But it probably wouldn’t mean a significant and durable edge for Democrats. Just ask Hillary Clinton, who inherited a 90,000-vote advantage from Barack Obama in the 2012 Florida election — President Obama defeated Mitt Romney, 50 percent to 49.1 percent — and seemed to benefit from four years of demographic shifts, including an influx of Puerto Rican voters, and still lost the state by more than 100,000 votes.
One reason is the overlooked influx of fairly conservative white voters. Florida has long been a retirement destination, and its above-average number of high-turnout older white voters have both trended toward the Republicans and helped counter other demographic shifts.
The Villages, Fla., was the fastest-growing metropolitan area in the United States in 2016; it voted for Mr. Trump by 39 points. Over all, 10 of the 25 fastest-growing metropolitan areas in the United States were in Florida in 2016, and all except Orlando-Kissimmee — where there has been considerable Puerto Rican immigration — supported Mr. Trump in 2016.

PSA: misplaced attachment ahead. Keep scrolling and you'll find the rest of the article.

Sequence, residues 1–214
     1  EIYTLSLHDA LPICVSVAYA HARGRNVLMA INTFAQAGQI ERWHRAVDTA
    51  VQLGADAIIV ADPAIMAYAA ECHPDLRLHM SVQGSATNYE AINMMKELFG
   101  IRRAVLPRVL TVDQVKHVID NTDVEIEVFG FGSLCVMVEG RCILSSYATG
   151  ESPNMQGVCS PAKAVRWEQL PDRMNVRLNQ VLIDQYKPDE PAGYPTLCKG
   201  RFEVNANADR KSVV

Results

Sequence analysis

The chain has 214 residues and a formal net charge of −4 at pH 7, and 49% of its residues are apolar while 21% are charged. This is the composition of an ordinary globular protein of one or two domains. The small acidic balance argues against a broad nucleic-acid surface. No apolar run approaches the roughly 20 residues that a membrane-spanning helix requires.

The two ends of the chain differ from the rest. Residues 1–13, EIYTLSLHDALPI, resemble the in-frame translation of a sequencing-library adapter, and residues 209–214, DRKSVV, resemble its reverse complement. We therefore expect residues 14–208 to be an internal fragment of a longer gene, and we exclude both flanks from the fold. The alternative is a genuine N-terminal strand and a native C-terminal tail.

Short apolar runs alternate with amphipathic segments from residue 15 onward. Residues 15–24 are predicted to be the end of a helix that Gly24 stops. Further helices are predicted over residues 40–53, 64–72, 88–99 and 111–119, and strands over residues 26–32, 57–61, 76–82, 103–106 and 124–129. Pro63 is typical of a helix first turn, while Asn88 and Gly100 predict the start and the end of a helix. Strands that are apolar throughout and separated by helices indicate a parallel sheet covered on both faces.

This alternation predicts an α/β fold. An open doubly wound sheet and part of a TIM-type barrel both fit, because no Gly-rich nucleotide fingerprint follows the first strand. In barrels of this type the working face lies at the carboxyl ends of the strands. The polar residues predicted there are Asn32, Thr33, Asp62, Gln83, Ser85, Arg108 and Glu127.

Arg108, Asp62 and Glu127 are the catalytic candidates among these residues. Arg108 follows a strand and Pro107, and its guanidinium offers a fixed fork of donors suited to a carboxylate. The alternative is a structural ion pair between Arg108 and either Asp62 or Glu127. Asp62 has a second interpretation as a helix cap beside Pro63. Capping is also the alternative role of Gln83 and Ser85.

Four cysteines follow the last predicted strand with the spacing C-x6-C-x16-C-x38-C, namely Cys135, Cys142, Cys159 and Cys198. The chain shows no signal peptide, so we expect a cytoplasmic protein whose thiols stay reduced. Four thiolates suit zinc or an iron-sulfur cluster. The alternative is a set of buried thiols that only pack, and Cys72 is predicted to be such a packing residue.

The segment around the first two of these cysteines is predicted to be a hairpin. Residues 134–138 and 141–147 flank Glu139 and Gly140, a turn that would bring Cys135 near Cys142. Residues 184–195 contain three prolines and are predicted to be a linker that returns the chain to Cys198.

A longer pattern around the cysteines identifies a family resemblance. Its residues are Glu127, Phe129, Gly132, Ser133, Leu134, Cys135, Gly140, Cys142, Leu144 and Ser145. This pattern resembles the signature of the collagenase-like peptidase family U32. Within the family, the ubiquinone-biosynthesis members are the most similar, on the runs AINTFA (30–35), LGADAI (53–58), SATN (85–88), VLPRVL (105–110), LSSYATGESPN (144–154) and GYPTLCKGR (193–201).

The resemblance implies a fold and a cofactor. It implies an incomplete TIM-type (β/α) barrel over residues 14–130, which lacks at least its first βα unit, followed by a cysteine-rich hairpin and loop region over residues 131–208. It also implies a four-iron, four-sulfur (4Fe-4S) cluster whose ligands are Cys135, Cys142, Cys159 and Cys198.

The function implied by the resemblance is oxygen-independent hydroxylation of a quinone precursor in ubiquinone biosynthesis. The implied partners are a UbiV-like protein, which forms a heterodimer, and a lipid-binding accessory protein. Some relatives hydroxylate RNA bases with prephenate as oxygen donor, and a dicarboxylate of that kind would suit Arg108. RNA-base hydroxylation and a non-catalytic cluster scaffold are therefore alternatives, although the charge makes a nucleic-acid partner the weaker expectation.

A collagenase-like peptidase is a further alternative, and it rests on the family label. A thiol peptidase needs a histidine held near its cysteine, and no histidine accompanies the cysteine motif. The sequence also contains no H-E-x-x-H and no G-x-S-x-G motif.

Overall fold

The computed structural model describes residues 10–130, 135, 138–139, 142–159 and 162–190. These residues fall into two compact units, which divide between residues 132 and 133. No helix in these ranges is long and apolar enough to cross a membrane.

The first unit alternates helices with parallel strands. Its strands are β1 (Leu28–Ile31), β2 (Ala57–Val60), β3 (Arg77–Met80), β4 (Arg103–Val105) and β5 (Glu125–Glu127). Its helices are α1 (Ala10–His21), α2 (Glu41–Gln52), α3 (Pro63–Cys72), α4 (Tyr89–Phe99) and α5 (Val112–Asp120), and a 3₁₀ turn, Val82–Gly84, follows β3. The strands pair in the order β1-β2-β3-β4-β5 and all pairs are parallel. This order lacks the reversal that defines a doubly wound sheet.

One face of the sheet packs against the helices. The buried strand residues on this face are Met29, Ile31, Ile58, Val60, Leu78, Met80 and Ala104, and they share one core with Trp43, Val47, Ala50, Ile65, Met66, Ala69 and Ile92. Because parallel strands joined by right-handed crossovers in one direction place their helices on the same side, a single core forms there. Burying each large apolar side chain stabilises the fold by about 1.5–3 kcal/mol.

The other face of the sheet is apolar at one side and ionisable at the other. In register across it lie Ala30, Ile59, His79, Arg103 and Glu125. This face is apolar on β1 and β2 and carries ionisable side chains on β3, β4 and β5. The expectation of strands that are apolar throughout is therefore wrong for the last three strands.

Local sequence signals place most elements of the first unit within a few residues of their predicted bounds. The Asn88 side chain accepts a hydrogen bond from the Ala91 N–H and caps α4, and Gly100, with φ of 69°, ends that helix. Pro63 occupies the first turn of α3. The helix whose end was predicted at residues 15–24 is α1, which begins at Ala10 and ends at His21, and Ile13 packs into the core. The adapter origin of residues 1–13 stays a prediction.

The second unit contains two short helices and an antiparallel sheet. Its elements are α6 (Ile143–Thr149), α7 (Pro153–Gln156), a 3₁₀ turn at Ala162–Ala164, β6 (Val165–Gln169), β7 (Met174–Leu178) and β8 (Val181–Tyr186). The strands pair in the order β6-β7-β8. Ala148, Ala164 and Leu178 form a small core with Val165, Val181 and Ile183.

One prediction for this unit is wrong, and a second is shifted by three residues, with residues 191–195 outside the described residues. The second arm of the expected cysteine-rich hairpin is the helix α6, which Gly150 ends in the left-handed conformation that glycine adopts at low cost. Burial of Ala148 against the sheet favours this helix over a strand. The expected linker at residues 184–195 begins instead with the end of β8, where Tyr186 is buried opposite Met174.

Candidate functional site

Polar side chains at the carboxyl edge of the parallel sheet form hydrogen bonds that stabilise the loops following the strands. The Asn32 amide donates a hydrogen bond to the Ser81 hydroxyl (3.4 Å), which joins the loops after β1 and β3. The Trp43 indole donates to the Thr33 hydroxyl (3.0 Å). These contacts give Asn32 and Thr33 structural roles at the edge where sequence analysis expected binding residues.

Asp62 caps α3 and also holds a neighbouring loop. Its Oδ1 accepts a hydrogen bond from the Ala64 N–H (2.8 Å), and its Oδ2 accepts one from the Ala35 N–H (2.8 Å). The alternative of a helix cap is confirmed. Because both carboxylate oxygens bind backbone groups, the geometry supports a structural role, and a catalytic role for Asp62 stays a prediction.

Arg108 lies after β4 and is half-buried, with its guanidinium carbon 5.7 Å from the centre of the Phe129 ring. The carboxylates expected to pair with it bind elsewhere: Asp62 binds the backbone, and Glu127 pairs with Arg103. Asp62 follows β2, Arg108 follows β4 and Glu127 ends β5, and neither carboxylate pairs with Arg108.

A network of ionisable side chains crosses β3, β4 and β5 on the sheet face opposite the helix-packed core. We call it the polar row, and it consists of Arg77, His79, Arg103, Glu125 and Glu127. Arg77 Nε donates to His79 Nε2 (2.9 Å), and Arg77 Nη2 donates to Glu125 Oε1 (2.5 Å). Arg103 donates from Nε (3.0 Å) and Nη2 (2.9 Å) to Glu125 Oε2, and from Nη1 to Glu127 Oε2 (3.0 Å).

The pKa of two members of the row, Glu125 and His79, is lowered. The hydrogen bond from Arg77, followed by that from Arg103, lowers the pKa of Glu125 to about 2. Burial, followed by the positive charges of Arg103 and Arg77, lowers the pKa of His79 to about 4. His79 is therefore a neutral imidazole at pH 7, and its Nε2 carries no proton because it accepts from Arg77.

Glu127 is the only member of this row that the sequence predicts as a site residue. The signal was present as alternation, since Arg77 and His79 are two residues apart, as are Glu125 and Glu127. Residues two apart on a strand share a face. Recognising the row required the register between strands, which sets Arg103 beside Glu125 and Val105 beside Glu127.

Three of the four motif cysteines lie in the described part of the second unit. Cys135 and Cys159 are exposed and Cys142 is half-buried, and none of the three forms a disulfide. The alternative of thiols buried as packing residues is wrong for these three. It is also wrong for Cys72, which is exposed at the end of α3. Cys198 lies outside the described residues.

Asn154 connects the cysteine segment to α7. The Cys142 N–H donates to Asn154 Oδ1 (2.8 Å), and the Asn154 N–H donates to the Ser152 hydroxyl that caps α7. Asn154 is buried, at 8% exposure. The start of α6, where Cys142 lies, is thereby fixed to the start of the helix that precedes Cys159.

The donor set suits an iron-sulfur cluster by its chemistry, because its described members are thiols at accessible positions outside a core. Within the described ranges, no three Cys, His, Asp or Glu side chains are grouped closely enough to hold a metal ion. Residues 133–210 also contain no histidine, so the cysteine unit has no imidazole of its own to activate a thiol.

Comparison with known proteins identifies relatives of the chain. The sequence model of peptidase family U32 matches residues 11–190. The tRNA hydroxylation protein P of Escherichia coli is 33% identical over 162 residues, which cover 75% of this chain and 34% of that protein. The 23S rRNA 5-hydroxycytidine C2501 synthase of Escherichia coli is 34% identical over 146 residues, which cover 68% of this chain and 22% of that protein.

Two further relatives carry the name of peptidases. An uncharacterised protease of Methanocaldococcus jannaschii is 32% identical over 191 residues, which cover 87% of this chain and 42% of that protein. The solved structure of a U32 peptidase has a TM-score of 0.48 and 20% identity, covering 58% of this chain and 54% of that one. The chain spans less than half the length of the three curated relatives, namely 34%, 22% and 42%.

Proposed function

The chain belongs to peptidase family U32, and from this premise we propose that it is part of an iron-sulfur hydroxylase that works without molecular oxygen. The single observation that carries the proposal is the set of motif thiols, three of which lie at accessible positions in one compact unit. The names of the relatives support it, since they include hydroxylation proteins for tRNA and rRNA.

In 2017, newly registered Floridians registered as Republicans by a margin of 29 percent to 27 percent over Democrats, according to data from L2, a nonpartisan election data vendor. That’s despite the uptick in Hispanic registration after Hurricane Maria hit Puerto Rico on Sept. 20 (Hispanic voters represented 22 percent of registrants in the two months before Maria, and 29 percent in the two months after). White voters over age 50 registered as Republicans by a margin of 45 percent to 21 percent.
Another reason: Seemingly big demographic changes can easily be swamped by even slight shifts among the rest of the electorate. If President Trump were to gain another percentage point among white working-class voters, for instance, that could be enough to overcome the combined effect of both new Puerto Rican residents and felon re-enfranchisement. Persuading a voter to switch sides is twice as helpful as turning out a new one: Persuasion both takes away a voter from your opponent and gives you one. Adding a new voter does only the latter.
Over the last two decades, Florida has been the closest state in the country in presidential elections. That may change one day. But if it does, it probably won’t be because of a single, modest demographic shift, like felon re-enfranchisement or an influx of Puerto Rican voters. Florida is the nation’s third-most populous state. It takes a lot to move the needle.